- Graham’s Sales Story
- Startup Vs. Big Company
- The Player-Coach Dilemma
- Top Producer Vs. Proficient Seller
- Innovations with Comp Plans
Graham: “You can make much more of a difference at a large or a smaller company.”
Graham: “The major issue there is, you’re competing against your own reps, and that was the plan that I had for a long period of time and really struggled with, there were a lot of times where my team might hit quota because I was helping them close all of their deals.”
Graham: “People think that it’s about the amount of money you’re gonna make or what’s inevitable, but what it really comes down to is what motivates you and what you care about.”
Graham: “I fight for salespeople all the time, my three rules of competence are that they have to be simple, logical, and fair.”
Connect with Graham on LinkedIn and learn more about what he’s been working on!
Connect with Collin on LinkedIn and find out what’s new in Sales Transformation and other things he’s up to!
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[00:00:55] All right. Welcome to another episode of sales transformation today. I’ve got an awesome guest for you. I’ve got Graham Collins. He is the. Well, he’s the chief of staff, but also referred to as the resident sales nerd over at quota path where he helps sales leaders and reps understand their compensation.
[00:01:14] Prior to that he’s led sales and SDR teams at several SaaS companies. He’s passionate about sales compensation, SDR work, sales management, craft beer woodworking, and petting dogs. Grandpa, welcome to the show. Thank you. It’s great to be here, huh? Well, I feel like I know. So much better after reading that yeah.
[00:01:33] it’s all true. All true. Yeah. You always wonder if somebody’s a cat person or a dog person. Rarely. Do you find somebody that’s both yeah, that’s true. I’m I’m firmly in the dog camp. I’m uh, I’m firmly in the dog camp. Yeah. So, so am I, so am I, what kind of, uh, what kind of dog or dogs do you have? Yeah, we have two, uh, Australian cattle, dog mixes.
[00:01:53] They’re both kind of. Cut some German shepherds, some border Colly but blue heeler, red heeler. They’re just kind of a generic Texas dog. Yeah. Lots of energy. Oh yeah. Oh yeah. One, five year old and, and can’t stop running, so, oh, wow. Yeah. We’ve we, we had two boxers before, before we had. Kids. And then we had to find them new homes cuz it was just too much.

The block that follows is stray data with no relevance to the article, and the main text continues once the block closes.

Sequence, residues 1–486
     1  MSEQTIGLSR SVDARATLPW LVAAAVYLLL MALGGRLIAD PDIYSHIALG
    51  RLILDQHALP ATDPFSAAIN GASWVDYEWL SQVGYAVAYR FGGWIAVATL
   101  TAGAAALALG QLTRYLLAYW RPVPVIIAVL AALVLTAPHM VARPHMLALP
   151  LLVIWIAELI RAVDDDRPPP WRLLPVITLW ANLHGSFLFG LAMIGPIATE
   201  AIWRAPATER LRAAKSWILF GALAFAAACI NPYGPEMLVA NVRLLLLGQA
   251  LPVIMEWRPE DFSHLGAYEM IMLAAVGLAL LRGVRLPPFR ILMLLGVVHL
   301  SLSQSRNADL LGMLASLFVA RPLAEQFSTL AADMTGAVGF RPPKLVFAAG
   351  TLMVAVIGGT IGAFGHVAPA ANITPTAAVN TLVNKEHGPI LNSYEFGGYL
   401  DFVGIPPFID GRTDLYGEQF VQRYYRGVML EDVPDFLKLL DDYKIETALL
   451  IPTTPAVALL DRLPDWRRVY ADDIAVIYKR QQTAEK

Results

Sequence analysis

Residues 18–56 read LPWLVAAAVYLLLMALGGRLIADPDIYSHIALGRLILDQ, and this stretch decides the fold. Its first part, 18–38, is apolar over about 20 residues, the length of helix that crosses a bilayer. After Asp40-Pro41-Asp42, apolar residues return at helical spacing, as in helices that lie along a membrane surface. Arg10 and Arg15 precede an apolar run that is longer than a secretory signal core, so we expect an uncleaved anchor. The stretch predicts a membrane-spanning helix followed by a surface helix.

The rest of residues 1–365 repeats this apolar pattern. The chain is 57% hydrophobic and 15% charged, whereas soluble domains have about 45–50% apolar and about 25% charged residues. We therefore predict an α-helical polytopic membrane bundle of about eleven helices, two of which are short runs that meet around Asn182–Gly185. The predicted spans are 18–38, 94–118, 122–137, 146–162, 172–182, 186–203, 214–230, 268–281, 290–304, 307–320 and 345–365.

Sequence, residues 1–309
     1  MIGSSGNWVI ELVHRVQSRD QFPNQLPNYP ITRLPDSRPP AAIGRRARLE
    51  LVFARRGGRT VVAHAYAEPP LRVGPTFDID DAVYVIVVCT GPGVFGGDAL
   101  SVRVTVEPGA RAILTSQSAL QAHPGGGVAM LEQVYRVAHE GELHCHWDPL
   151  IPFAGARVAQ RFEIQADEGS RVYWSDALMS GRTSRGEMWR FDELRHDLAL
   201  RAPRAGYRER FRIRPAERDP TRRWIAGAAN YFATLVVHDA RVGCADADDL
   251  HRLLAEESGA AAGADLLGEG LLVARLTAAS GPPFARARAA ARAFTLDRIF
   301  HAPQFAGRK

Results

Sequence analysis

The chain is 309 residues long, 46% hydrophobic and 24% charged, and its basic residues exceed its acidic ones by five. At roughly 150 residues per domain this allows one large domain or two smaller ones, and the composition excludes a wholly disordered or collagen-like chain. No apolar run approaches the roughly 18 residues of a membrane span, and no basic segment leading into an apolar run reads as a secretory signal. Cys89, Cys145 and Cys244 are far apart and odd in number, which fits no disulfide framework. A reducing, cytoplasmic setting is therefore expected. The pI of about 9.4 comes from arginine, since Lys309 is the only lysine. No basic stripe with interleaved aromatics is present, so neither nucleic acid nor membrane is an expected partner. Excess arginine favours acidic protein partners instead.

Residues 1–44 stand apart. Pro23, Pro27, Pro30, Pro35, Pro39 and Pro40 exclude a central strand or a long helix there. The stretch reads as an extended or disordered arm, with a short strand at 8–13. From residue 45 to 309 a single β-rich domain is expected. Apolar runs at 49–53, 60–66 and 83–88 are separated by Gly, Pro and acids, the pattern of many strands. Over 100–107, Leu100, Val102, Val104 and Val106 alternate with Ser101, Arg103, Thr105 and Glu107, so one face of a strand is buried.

[00:02:16] Yeah. Um, and we couldn’t give them the attention that they needed. And uh, and so now we have a little mini labradoodle, so there you go. Good, good family dog. But yeah, for sure. This is not the dog podcast. Um, but anyway, Uh, Graham, welcome to the show.
Give us a little bit of background. Like where did your sales journey start before you were able to own the title of resident sales nerd over at quota path?
[00:02:42] Yeah, for sure. So I, I started in sales, um, working at a shoe store in Maine. I grew up and currently live in Maine and, uh, I worked at a family owned shoe store, selling shoes and. Earned commission off of it. I was earning, oh wow. 10% or so commission off of, off of every pair of shoes I sold. And so UUG season was one of my very favorite, uh, teams of the year.
[00:03:05] That’s how I paid for all my Christmas presents growing up. So, um, did that. And then after college, I went to a little business school called Babson college in Wellesley mass. Um, after that got into the fast game, um, kind of fell into it. It was the. First job that gave me an offer and, and they said, Hey, we, we think you can make $65,000 this year.
[00:03:24] And I said, well, that’s infinity money. Um, in, you know, to a 22 year old. So took that job full sales cycle, um, AE and. Then moved into management after a while. And, uh, just, just never looked back, I suppose. Yeah. Wow. Shoe sales.
So, you got your start in shoe sales?
[00:03:47] Yeah. This was the, uh, it was called it’s called Lamy. Well Ahan and, uh, in Maine. So shout out to LA Han. Okay. All right. Got not your family. Just to be clear. yeah, just a family. Uh, you know, when you said shoe sales, it reminds me of, uh, do you remember ed Bundy?
[00:04:08] oh yeah. Oh yeah. I got the ed Bundy, uh, yeah, a lot. Uh, when, when selling shoes. Did you ever, did you ever, yeah, he always had a hard time with the women’s shoes. You know, some getting, getting some shoes on. It was mostly, you know, mostly what I sold was UGS CROs, and then old people shoes and kids’ shoes.